Make a Donation

Consider making a donation to support SHAKSPER.

Subscribe to Our Feeds

Current Postings RSS

Announcements RSS

Home :: Archive :: 1997 :: November ::
Qs: Hamlet/Gertrude; Arden Sonnets; No Matter
The Shakespeare Conference: SHK 8.1138.  Wednesday, 12 November 1997.

[1]     From:   Jeri McIntosh <
 This e-mail address is being protected from spambots. You need JavaScript enabled to view it
 >
        Date:   Tuesday, 11 Nov 1997 19:49:05 -0500
        Subj:   Hamlet as Gertrude's heir

[2]     From:   Barrett Graves <
 This e-mail address is being protected from spambots. You need JavaScript enabled to view it
 >
        Date:   Tuesday, 11 Nov 1997 18:27:32 -0700
        Subj:   Help Locating Distributor of an Arden Shakespeare Title

[3]     From:   Chris Stroffolino <
 This e-mail address is being protected from spambots. You need JavaScript enabled to view it
 >
        Date:   Wednesday, 12 Nov 1997 01:35:04 -0500 (EST)
        Subj:   Re: SHK 8.1128  No Matter


[1]-----------------------------------------------------------------
From:           Jeri McIntosh <
 This e-mail address is being protected from spambots. You need JavaScript enabled to view it
 >
Date:           Tuesday, 11 Nov 1997 19:49:05 -0500
Subject:        Hamlet as Gertrude's heir

Forgive me if the following topic is already well-worn in this list. As
a newcomer to both the list and to literary criticism, I'm liable to
push on doors opened long ago.

Recently, on the Albion list, there was thread on why Hamlet did not
succeed Claudius.  Most of the discussion involved 10th century Danish
inheritance practices but I found myself wondering if Shakespeare may
have had a 16thC English context in my mind.  The contemporary context
for this could be the discussion of Elizabeth I's possible marriages to
foreign princes and the actual marriage contract of Mary Tudor and
Philip of Spain.  In this contract, it was stipulated that should there
be issue of the marriage, they would succeed to the English throne only
upon the death of Mary, not of Philip.

Is it possible that Gertrude was intended to be understood as a femme
sole heiress of the Danish throne and that Hamlet Sr. and later Claudius
derived their kingly title from their marriage to her.  In this
scenario, Claudius does not succeed to the throne upon the murder of his
brother but upon his marriage to Gertrude to whom he refers as
"th'imperial jointress of this our warlike state."  Therefore, the
question of Hamlet's succession rests upon the death of Gertrude, not of
his father.

Is this a valid reading?  Has anyone suggested this before?  Since it
bears upon my dissertation on the female succession in Tudor England, I
would be most grateful for any thoughts and references from listmembers.

Thanks in advance,
J.L. McIntosh
Dept. of History
The Johns Hopkins University

[2]-------------------------------------------------------------
From:           Barrett Graves <
 This e-mail address is being protected from spambots. You need JavaScript enabled to view it
 >
Date:           Tuesday, 11 Nov 1997 18:27:32 -0700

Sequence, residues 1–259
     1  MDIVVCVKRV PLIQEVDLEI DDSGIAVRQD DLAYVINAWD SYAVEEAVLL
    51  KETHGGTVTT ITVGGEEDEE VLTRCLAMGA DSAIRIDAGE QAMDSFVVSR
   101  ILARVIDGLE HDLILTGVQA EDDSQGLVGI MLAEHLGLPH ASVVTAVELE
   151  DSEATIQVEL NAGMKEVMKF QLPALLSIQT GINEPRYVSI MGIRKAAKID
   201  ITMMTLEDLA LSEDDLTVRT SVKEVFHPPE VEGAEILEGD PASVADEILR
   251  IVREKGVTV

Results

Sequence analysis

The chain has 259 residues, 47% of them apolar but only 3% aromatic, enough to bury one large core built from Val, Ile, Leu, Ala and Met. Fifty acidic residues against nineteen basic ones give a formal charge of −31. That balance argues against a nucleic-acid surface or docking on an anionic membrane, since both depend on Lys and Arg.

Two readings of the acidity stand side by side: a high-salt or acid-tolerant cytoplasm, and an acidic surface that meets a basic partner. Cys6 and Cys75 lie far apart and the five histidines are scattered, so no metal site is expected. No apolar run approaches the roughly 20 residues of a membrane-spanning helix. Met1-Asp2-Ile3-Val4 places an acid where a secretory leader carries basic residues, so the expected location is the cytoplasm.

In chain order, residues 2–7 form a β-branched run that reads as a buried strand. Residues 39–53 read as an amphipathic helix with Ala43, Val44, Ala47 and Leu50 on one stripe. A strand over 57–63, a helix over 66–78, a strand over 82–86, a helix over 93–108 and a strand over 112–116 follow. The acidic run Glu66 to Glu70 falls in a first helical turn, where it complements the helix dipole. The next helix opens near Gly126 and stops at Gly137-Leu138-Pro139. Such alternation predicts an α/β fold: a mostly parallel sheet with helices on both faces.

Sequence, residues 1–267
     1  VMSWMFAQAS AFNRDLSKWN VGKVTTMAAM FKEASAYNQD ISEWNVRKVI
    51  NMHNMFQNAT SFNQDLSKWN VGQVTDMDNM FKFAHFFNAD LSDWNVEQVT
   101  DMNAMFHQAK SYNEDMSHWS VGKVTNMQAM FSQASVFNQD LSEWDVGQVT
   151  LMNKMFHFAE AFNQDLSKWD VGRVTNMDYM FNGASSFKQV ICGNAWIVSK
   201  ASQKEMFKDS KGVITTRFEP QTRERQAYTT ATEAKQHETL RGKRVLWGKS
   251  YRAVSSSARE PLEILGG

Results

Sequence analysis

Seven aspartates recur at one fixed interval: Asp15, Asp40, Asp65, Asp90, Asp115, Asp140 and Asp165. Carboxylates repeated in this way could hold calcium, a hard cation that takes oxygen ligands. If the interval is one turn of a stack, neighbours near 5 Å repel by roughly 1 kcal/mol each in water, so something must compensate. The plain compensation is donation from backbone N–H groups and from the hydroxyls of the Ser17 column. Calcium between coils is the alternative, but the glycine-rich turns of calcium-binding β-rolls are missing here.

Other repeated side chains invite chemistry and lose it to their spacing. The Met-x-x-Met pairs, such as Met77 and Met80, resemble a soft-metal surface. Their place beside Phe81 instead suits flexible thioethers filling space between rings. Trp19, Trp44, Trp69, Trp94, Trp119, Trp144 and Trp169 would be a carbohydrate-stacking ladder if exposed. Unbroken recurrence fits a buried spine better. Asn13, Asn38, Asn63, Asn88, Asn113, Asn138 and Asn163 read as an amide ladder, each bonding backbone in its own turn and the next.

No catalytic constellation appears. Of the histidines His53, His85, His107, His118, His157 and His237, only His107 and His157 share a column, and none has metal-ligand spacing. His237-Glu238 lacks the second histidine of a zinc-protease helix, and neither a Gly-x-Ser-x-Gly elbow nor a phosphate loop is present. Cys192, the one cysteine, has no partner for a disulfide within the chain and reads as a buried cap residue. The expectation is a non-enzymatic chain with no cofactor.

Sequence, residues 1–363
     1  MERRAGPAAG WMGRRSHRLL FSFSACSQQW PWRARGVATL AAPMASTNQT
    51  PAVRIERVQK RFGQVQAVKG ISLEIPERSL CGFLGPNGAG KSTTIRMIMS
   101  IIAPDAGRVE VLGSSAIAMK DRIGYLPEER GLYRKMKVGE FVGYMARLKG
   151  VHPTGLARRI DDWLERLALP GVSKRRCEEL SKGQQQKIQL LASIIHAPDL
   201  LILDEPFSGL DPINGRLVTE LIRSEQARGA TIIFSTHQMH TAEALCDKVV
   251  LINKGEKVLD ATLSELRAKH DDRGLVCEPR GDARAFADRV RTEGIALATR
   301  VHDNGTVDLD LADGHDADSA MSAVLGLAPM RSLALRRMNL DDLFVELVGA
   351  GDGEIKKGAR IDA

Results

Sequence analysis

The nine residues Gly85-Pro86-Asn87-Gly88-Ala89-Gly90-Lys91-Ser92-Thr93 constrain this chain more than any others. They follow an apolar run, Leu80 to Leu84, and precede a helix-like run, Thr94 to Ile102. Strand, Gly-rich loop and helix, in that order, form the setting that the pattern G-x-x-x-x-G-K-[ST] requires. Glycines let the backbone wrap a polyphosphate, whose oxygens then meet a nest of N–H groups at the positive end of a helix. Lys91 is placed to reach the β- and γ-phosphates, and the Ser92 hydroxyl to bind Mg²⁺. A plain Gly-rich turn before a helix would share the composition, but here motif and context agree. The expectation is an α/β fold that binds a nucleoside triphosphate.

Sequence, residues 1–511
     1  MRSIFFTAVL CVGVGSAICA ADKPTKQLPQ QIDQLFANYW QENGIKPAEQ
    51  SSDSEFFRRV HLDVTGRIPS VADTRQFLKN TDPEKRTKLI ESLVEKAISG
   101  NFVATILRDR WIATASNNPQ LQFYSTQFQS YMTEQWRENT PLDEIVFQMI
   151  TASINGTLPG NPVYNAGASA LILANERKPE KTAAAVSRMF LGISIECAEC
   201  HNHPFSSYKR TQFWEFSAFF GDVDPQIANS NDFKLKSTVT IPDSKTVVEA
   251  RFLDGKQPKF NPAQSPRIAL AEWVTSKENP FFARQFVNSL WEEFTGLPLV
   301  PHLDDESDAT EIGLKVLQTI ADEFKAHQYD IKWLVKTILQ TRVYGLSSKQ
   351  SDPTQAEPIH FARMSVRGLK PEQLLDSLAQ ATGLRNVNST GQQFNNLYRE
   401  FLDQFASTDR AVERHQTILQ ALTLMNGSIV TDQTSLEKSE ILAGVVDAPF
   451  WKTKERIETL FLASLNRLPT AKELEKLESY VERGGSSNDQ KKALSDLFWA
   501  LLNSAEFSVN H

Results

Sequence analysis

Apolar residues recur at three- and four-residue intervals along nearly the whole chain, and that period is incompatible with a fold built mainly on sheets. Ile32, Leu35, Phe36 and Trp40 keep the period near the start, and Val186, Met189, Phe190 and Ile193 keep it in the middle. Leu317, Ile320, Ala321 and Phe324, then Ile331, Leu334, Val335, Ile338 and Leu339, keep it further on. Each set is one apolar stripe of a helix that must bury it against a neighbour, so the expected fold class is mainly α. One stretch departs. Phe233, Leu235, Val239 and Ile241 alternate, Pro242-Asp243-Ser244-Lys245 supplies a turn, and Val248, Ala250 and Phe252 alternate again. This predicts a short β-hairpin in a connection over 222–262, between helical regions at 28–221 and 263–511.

Subject:        Help Locating Distributor of an Arden Shakespeare Title

My bookstore has run into difficulties while trying to order
*Shakespeare's Sonnets,* edited by Katherine Duncan-Jones (Arden
Shakespeare, Third Series).  The flyer I received stated that the book
would be available by 10/97 and it listed the ISBN number as
0-17-443473-1.

The flyer does not name a distributor (could it still be Methuen?).  My
bookstore liaison claims that the ISBN number fails to correspond with
any publisher known to her, which complicates matters.

Can anyone on the list help me locate the distributor for this volume?
Has it been released yet?  Responses should be directed to me personally
at the following address:

        
 This e-mail address is being protected from spambots. You need JavaScript enabled to view it
 

Thanks to one and all for your assistance in locating this volume.

Debbie Barrett-Graves
The College of Santa Fe

[3]-------------------------------------------------------------
From:           Chris Stroffolino <
 This e-mail address is being protected from spambots. You need JavaScript enabled to view it
 >
Date:           Wednesday, 12 Nov 1997 01:35:04 -0500 (EST)
Subject: 8.1128  No Matter
Comment:        Re: SHK 8.1128  No Matter

Greetings SHAKPERians-

I have a question concerning what I consider to be a certain textual
"crux" (or at least one of those interesting ambiguities involving a
silent and/or silenced character) in TROILUS AND CRESSIDA--- How do you
read TROILUS's lines "words, words, no matter from the heart" when
Pandarus gives him Cressida's letter and he is about to rip it to
shreds?

I am particularly interested in the word "matter" here.

Is this best glossed as "Words are only words and thus they (words) are
no MATTER from the heart" or as "It doesn't even MATTER whether these
words are from the heart"??

I am attracted to the latter interpretation because it is harsher and
goes along with the severe skepticism to be found elsewhere in the play
concerning the value or even existence of any internal core that is not,
as Thersities says, "botchy" (or as Hector says "putrified"). Yet, I
cannot unequivocally side with this reading over the other reading.  The
fact that we never SEE or HEAR what Cressida's letter says makes it even
harder to decide which reading of these lines to accept.

If you favor Troilus, I suppose, you will agree with the former
interpretation. Is it possible that the "double meaning" I detect in the
word "matter" here didn't exist in Shakespeare's time? If so, I suppose
it would invalidate one of these readings and solve the ambiguity. Any
thoughts? ---------Chris Stroffolino
 

Other Messages In This Thread

©2011 Hardy Cook. All rights reserved.